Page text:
what substantial piece am i leaving out? infact, i am going to shim up a motor tonight and ramp it up and down in an oven and record the reduction in play with change in temp. i'll post my findings tomorrow.
LOL, Engineers, LOL! If Switzer had internet right now he would be all over this, LOL. You da man Chris.
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Old 09-17-2003, 01:33 PM   #26
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Default False information

Guys;

I too was shimming my Motors to .005 per the advice of many 'experienced' racers in these Forums.

What made me change my methods was as 'seaball' has stated and my personal Dyno testing results.
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Old 09-17-2003, 01:55 PM   #27
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sea ball your info is informative , but what happens is some of the thread readers this info might be to advanced . i as a master automotive technician working on the modern cars that i repair must have a multitude of skills be it engneering to being a computer hacker aswell as a simple mechanic its just that when someone as myself has been racing for about 12 to 15 yrs you learn alot via the seat of the pants testing i said .005 play i should have been more specific and said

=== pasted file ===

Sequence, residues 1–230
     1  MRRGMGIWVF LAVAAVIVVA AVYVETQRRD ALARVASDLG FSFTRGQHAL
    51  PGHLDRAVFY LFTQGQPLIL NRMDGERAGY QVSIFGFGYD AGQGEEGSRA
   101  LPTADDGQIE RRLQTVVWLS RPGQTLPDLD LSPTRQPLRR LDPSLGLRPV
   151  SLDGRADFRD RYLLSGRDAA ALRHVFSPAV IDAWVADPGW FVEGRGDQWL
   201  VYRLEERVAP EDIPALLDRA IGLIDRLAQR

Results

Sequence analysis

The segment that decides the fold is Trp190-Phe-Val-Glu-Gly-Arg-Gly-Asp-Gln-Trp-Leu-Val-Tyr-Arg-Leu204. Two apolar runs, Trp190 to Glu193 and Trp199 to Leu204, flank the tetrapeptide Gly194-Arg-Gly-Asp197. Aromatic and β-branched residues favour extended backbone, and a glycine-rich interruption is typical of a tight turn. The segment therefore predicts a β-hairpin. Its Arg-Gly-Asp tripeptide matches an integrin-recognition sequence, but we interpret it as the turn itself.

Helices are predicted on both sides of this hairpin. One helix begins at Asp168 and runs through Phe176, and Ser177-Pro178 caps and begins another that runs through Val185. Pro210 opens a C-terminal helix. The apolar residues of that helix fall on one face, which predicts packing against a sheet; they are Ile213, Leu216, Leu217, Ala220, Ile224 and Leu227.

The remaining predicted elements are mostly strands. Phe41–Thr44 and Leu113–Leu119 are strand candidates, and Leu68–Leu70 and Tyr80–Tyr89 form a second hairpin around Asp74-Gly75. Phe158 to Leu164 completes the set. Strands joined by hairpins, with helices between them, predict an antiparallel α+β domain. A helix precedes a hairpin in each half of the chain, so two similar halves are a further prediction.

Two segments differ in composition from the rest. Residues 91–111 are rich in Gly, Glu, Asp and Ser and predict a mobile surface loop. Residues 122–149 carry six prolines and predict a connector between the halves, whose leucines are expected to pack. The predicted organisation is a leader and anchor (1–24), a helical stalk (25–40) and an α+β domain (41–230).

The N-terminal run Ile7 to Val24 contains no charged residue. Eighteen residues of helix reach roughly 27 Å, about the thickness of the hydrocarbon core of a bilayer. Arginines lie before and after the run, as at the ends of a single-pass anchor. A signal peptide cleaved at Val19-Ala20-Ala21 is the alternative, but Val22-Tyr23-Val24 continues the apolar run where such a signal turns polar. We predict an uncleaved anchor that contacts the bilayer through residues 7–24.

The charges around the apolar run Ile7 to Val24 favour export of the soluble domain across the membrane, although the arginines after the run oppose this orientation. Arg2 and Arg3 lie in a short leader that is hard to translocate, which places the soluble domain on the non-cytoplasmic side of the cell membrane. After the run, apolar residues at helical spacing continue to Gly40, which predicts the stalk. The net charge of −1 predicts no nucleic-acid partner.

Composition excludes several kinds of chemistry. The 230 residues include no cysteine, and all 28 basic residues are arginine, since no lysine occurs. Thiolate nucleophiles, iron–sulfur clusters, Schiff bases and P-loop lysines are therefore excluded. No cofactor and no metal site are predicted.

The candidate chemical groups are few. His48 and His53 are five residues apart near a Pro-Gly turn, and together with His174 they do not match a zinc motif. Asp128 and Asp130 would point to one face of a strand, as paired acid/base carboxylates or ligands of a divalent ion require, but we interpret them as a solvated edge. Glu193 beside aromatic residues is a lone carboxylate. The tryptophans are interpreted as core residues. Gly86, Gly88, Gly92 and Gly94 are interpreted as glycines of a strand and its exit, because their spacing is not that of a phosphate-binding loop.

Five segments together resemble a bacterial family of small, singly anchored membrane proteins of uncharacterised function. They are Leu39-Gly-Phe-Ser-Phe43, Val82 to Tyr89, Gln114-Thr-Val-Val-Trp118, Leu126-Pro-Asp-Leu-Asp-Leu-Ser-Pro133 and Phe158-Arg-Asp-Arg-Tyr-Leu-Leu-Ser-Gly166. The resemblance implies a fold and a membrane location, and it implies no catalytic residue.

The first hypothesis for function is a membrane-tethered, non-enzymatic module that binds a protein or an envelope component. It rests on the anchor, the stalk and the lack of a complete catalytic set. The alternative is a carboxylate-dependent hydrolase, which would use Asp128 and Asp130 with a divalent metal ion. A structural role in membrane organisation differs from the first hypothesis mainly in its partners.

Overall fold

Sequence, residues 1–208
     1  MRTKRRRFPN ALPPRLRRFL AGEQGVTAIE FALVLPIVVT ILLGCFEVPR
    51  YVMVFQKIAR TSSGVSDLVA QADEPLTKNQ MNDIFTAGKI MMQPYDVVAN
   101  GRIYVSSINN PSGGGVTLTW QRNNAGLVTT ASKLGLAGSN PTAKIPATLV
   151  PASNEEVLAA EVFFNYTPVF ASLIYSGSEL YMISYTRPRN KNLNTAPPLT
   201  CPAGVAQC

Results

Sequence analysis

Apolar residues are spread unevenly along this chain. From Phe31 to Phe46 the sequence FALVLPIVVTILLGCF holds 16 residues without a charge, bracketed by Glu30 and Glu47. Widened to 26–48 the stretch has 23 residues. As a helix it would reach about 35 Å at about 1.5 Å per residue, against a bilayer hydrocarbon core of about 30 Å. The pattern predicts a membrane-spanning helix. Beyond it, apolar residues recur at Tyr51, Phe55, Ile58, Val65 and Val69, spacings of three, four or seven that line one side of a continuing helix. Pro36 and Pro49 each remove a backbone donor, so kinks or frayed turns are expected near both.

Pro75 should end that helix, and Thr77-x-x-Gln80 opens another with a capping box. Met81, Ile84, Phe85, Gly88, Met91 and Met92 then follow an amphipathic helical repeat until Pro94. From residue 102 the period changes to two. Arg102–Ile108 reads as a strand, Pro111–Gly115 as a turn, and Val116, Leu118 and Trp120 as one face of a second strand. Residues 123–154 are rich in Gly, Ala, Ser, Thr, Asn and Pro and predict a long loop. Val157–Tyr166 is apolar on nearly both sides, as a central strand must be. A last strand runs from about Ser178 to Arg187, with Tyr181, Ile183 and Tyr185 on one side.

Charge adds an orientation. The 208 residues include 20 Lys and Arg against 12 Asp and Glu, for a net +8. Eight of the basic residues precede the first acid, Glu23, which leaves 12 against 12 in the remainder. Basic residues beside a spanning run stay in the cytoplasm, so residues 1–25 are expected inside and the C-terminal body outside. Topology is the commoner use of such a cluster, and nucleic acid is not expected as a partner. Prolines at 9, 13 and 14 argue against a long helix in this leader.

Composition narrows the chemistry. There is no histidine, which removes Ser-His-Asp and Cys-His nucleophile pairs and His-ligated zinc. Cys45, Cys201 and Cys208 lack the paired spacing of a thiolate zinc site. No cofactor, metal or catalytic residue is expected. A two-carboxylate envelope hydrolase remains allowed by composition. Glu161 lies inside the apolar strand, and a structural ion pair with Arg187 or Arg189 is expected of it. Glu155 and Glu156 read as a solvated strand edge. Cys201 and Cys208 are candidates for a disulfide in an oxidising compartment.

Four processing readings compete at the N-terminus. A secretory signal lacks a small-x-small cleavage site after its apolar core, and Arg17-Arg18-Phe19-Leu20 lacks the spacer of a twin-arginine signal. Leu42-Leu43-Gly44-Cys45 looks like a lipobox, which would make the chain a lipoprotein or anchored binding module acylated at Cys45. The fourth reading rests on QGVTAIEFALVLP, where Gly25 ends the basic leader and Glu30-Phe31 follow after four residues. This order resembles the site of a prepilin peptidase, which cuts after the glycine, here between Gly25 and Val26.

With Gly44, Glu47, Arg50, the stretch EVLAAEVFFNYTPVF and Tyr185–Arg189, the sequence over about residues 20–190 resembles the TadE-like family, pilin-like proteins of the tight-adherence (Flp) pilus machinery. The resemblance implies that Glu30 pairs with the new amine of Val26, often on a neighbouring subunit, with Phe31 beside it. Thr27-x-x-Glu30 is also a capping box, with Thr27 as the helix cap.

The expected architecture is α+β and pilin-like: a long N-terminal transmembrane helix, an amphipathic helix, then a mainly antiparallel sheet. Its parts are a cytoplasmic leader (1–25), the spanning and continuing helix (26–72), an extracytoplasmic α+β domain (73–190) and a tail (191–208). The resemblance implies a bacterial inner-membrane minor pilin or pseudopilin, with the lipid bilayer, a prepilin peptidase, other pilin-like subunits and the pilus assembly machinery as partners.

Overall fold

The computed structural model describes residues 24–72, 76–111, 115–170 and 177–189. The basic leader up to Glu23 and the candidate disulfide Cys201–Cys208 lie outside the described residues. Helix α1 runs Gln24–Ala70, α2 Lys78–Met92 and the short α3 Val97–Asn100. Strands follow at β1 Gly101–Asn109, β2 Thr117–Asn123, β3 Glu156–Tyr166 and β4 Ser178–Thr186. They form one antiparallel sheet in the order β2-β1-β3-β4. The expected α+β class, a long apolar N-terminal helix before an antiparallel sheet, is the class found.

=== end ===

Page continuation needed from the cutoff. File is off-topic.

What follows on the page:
about .008 to .008 total taking into account fore and aft movement .
guys just make sure the arm is in the center of the field and shim it until it moves about .008 to 010 usually an experianced racer can eyeball this.
now i can here all the engineers going oh my god.!
but the fact is having raced closely with some of the fastest factory guys around they just slapped the motors together byy eyeballing it and their motors rip, granted with all respect its is informative to read all this and really know the mechanical theory for it especially for the young guys starting out .